Newsmaker: Seamus Fitzpatrick
Even by his own prolific standards, it is turning out to be a busy month for Cavan-born deal-maker Seamus Fitzpatrick.
The London-based 48-year-old heads up CapVest, a €4bn private equity firm that has invested in a raft of European business - including frozen food giant Findus, the biggest poultry processor in Scandinavia and the Irish company behind Batchelors beans.
In the past week, the firm has been linked to a €280m bid to buy One51, a move that would pre-empt that company's own plans to list on the Dublin and London stock exchanges over the next two years. CapVest has bought and sold 150 businesses since it was set up by Fitzpatrick and two associates in 1999. Many, though not all, are in the food sector. Last week the firm bought out the stake it didn't already own in Valeo Foods, an Irish business that owns brands like Roma and Batchelors, for €86.6m. It bought the stake from Origin Enterprises, which coincidental was once, like One51, part of the empire built up by co-operatively owned agri-business IAWS at its historic headquarters at 151 Thomas Street, Dublin.
Valeo was created by merging assets from CapVest and Origin back in 2010.
Capvest is tipped as a seller rather than buyer of its 51pc stake in the €350m Mater Private, held since 2007. One51 investor Larry Goodman is also a Mater Private shareholder.
Low-profile Fitzpatrick did well to snap up an €8m property on a Shrewsbury Road at the bottom of the market in 2010. He is a director of Conroy Gold, which is developing Ireland's only major gold mine.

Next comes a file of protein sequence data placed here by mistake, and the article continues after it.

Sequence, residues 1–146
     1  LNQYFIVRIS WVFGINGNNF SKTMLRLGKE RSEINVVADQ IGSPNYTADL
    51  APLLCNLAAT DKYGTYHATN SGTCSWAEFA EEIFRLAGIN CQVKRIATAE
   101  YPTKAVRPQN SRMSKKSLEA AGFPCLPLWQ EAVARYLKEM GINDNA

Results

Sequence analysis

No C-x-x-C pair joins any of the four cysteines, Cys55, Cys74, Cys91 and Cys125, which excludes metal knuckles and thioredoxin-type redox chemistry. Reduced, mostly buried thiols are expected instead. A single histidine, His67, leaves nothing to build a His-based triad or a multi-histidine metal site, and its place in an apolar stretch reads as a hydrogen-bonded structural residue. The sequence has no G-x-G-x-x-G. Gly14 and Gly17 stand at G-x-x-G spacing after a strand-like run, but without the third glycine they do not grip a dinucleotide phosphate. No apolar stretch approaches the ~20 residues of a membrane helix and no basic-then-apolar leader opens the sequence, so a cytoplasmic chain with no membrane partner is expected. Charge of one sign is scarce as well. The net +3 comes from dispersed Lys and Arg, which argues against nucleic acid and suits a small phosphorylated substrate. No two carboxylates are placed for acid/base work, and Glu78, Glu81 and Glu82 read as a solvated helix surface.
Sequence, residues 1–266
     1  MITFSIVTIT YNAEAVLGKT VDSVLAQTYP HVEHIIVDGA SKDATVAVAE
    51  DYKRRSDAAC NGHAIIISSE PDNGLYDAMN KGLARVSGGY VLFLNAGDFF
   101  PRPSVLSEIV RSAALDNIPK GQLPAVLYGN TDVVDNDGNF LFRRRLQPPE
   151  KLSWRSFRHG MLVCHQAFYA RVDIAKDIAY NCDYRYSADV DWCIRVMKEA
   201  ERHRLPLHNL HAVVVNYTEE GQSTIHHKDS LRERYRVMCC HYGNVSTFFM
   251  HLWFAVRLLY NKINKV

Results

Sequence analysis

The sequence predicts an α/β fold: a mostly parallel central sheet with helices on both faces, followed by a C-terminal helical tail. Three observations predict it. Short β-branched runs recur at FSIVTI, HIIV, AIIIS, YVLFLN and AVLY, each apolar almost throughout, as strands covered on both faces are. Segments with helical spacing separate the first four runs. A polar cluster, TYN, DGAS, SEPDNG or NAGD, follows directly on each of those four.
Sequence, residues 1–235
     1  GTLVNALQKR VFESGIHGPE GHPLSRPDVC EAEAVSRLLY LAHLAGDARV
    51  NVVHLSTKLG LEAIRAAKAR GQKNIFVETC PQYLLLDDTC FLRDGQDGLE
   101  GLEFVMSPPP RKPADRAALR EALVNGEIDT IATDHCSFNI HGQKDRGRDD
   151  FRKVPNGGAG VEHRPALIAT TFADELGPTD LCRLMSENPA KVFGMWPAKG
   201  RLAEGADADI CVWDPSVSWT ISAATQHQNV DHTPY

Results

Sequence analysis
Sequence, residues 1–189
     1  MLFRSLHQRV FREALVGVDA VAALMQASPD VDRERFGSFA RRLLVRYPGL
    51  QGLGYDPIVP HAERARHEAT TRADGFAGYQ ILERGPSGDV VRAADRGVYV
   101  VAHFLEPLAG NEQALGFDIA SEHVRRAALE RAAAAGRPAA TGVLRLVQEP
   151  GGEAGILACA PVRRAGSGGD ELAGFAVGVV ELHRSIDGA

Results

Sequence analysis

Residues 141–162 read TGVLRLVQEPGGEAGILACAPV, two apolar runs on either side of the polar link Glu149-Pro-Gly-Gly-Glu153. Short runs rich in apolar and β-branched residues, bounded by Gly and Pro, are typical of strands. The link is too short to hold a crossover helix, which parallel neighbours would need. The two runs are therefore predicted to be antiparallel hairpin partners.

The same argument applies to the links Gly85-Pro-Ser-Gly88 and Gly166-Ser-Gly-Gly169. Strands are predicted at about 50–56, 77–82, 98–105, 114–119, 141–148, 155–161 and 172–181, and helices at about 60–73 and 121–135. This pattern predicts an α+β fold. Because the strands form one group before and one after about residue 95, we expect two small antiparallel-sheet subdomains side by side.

Right now, One51 is the biggest prize on CapVest's horizon. Under its youthful chief executive Alan Walsh, One51 has been transformed over the past four years from an indebted holding company that presided over a clatter of unconnected investments ranging from bread-making to shipping and waste recycling, into a fairly straight forward plastics business. That involved selling off non-core assets such as Irish Pride and crucially in recent weeks helping drive through plans to break up another investment holding company NTR, where it was a big stakeholder.
Walsh has been streamlining One51 and steering the plc from its current grey market, or privately traded, status towards a market listing, a process that has now caught CapVest's eye.
In its approach, which is understood to have been shared directly with a number of One51 investors, CapVest is understood to have offered the option of current investors retaining a stake in the business, as long as the London firm gains control. The option of some cash today with an opportunity to cash out at a potentially better price down the line may prove compelling. It fits with Fitzpatrick's low key and relatively long-term investment approach. A rarity in a private equity sector notorious for quick flips.